Tooji is a better singer than Saade, but with backing singers and a staging-reliant song, that may not matter at all with televoters. It may help a little with juries – where ‘Popular’ only managed ninth last year compared to their televote second – although these are not the kind of songs that are naturally favoured among the national judging panels.

The sense that Tooji scores more points on an objective measure than Saade but may not get as many points on a Eurovision scoreboard can even be extended to their looks. Conventionally speaking, Tooji is more handsome, but Saade has long proved there’s something about him that sets teen girls’ (and gay men’s) hearts’ aquiver.

This was indicated in the build-up to rehearsals in 2011. Saade had developed a cult following by the time the contest had come around, as shown by the popularity of this Israeli YouTube clip set on the gay beach of Tel Aviv. Israel, which usually televotes with an eastern European bias, gave Sweden 12 points last year.

Saade also became known in Russia and the ex-USSR states due to his rivalry with Russian entrant Alexeyev Vorobyov, and managed to score points in this region too.

It will be interesting to see how much traction Tooji and ‘Stay’ get before rehearsals. There is the potential for him to gain plenty with a song that is clearly going to be a fan favourite. This could be an indication that ‘Stay’ may be able to do as well as ‘Popular’. Or it could prove an opportunity for those looking to lay Norway if its odds continue to shorten before the event, just as fan favourite Hungary’s did last year.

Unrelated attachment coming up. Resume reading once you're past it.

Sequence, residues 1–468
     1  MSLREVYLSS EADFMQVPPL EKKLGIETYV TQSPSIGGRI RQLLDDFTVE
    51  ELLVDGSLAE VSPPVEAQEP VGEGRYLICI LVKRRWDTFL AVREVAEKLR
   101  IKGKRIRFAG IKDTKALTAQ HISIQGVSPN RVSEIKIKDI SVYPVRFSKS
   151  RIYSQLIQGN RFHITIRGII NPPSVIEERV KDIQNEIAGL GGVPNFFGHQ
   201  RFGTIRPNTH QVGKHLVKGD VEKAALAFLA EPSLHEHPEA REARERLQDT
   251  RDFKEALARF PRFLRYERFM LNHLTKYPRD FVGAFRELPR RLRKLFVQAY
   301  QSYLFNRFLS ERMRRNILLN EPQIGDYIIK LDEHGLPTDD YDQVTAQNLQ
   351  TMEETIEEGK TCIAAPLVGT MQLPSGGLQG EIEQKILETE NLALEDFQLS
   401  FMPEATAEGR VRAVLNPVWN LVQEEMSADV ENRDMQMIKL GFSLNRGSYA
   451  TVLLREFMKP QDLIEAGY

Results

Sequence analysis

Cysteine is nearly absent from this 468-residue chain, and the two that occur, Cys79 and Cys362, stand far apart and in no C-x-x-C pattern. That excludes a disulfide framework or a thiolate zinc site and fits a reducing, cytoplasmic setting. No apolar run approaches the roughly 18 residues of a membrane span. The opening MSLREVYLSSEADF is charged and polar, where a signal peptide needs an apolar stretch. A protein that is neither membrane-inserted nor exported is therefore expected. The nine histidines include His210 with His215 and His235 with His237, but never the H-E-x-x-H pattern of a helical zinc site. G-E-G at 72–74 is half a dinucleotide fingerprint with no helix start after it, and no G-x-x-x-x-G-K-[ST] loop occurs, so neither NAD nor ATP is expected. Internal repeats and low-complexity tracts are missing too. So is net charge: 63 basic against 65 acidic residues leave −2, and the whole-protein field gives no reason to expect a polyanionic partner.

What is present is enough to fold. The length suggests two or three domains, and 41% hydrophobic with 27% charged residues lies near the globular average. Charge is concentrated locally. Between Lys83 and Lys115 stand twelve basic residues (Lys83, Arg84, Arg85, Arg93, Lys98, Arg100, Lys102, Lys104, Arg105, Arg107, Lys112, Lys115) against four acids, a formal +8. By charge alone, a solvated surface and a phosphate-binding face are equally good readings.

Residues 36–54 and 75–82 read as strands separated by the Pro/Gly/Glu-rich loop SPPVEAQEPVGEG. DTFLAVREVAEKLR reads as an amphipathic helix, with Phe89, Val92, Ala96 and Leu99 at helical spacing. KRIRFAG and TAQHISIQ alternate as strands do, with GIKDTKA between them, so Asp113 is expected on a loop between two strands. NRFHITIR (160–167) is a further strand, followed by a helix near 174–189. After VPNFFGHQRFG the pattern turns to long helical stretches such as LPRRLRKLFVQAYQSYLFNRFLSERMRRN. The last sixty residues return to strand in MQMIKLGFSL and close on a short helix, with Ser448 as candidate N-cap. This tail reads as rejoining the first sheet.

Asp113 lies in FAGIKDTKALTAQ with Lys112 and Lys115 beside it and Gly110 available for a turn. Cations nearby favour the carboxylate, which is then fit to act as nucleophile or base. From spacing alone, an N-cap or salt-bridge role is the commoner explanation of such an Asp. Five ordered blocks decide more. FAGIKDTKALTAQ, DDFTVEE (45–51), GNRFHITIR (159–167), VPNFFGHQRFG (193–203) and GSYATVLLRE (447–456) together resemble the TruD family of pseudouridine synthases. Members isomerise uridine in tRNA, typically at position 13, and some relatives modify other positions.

But with less than a quarter of the songs chosen so far, this is all very speculative. Especially as Tooji could find himself in the same semi-final as a trio of other male heart-throbs – Danny Saucedo, the initial favourite to win Sweden’s selection, will soon unveil a song from the exact same writing team, this Saturday Ukraine may pick Max Barskih who has a rather similar number in ‘Dance’, whilst the early frontrunner in the Estonian contest is Ott Lepland with ‘Kuula’.

The second semi could prove very tough indeed given that it includes more of the big hitters too, and qualification alone could be an indication that ‘Stay’ has made an impact. I would hope so, given that it’s a strong, contemporary song that deserves to do well in the contest.

But Tooji may have a harder job in the final than Saade who benefited from the fact that last year’s contest was a relatively weak one, with few standout performances.

Despite the doubts I have expressed, punting-wise I’m staying on the fence about ‘Stay’ for now. It’s the kind of song that I’d prefer to compare directly with its competitors on the Eurovision stage during the rehearsal phase before I make my mind up. Especially as we are yet to see it without pre-recorded backing vocals.